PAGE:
Tuesday, July 10, 2012

The Language of Disagreement

The kinds of fights most of us like to avoid are often as quick and easy as a Southern summer storm, descending upon the land with vengeance in its thunder and lightning and downpour. As I get wiser (notice I did not say older) I find that I'm learning more than I thought I would from this: the inevitable tousle over something. Anything. Sometimes everything. Makes me think of times when the adults in my world fought in front of us kids, how I hated it, how it broke my heart then and sometimes still does, especially when disagreement involves witness by children. The sadness of bile and bitterness seems wrong for a child's eyes and little soul.

Yet, conflict and its resolve are what children must see to know, to understand, to build the spiritual tools necessary to overcome. What I have learned after so much witness is that experiencing conflict is like language immersion in another country; the language of forgiveness comes in letting go of old grudges and griping (I've been praying for the holy spirit to come and clear my head many times lately!). Part of this, too, is in the language of humility as much as in the language of righteousness (and no, not that puffed up kind you're thinking of)--in conflict we need to know ourselves, be willing to get to know others, and leave that little wiggle room for that unnameable something which somehow starts resolve, somehow brings us the tools to be able to put down our anger and frustration and just talk to each other, and see that sometimes there's more than meets the eye.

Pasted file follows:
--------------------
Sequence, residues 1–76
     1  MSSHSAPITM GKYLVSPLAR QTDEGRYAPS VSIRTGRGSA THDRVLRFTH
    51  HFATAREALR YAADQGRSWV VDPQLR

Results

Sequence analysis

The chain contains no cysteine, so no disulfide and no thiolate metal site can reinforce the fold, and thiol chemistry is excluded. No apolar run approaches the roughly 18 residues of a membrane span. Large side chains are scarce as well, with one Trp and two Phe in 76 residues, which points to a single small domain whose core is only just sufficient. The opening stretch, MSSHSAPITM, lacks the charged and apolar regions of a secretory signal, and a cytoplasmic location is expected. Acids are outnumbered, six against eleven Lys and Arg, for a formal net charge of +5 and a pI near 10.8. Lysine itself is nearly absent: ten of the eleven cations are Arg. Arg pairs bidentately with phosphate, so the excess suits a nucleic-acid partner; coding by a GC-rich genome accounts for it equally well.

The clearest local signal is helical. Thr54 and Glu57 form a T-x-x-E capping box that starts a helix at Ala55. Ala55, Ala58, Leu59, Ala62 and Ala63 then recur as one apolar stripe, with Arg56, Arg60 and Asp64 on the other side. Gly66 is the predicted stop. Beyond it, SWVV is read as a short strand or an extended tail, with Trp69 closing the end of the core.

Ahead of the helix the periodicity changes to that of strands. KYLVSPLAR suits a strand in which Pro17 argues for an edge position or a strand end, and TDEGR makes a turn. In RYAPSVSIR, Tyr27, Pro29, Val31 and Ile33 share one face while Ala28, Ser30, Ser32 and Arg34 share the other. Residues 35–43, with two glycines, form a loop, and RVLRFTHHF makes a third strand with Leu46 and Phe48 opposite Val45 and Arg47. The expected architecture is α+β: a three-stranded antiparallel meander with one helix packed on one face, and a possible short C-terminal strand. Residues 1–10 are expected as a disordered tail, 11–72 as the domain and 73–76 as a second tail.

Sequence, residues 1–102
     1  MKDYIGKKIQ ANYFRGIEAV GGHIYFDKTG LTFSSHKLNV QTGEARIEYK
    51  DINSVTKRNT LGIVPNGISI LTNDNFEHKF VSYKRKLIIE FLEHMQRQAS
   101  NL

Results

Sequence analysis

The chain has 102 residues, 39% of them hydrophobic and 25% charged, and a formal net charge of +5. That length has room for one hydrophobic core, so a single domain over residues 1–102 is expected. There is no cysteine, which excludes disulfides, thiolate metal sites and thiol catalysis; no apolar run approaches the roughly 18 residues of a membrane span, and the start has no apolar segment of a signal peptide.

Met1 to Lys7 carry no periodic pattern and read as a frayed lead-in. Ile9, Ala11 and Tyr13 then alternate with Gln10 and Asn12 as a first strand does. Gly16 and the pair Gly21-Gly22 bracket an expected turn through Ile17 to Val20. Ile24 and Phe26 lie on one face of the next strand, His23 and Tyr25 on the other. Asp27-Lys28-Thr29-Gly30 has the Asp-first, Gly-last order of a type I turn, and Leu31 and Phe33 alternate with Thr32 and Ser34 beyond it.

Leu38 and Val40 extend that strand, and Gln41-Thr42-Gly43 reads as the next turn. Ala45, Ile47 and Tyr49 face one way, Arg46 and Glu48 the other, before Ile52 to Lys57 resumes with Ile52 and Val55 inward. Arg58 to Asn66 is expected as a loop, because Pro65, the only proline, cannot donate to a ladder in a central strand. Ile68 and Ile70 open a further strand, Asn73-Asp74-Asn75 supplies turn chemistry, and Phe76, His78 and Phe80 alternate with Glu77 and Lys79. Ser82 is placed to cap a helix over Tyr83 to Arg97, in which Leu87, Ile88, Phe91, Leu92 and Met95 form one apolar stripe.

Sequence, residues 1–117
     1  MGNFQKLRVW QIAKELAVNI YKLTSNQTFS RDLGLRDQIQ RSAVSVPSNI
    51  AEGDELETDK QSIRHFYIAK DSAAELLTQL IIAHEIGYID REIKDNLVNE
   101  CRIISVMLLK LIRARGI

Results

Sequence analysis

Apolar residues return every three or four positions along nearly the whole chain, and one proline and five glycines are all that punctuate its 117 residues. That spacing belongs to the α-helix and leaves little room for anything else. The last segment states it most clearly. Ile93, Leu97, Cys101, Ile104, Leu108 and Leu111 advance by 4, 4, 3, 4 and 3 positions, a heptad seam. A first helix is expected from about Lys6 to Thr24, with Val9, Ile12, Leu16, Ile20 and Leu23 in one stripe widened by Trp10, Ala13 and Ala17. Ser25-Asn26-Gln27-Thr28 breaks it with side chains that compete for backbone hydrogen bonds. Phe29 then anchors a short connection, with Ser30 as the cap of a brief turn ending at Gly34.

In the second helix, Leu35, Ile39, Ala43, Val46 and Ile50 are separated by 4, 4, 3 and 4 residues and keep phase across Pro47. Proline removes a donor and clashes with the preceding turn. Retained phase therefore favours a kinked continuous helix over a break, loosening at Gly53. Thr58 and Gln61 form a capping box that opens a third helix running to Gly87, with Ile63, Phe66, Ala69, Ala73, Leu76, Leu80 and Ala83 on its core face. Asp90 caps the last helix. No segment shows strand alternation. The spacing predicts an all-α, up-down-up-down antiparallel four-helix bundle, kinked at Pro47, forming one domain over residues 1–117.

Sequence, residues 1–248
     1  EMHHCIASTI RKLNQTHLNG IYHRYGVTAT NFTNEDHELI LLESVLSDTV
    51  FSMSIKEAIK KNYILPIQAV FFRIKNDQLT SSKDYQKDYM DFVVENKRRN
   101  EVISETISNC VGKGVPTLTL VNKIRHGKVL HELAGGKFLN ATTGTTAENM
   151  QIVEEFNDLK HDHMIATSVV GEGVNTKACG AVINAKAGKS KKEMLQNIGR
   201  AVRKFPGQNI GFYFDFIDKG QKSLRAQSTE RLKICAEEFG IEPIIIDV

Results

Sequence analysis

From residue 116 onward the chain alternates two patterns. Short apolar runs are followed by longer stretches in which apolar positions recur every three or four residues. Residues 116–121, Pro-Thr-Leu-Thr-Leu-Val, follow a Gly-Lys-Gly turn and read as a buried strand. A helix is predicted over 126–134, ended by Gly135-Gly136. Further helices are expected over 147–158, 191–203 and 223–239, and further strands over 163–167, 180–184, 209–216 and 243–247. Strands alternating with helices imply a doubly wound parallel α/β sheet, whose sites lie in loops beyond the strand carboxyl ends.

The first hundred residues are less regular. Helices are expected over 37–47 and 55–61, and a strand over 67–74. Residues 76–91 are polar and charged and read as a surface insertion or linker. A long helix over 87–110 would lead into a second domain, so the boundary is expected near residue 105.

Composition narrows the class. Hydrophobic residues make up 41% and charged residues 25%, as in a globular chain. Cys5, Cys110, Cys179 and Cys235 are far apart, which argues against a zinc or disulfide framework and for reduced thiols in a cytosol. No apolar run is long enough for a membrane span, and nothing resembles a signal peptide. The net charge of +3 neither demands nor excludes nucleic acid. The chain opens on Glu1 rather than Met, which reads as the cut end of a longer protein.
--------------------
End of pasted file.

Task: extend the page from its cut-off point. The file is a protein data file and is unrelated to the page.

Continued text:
I don't know what it takes for someone to take the first step--it's often a little nudging from within, a barely perceptible feeling that something must give, that pride is a waste, or even that pride is the reason to reconnect with that one other whose soul you've locked horns with.

Conflicts come from disagreement on the simplest terms of the human condition--the desire to be accepted, loved, free. With time and patience we can make sense of this--if only we're willing to try. With our own good example we can help a child to see that good can come from bad, and disagreement can somehow lead to love and true living.

No comments: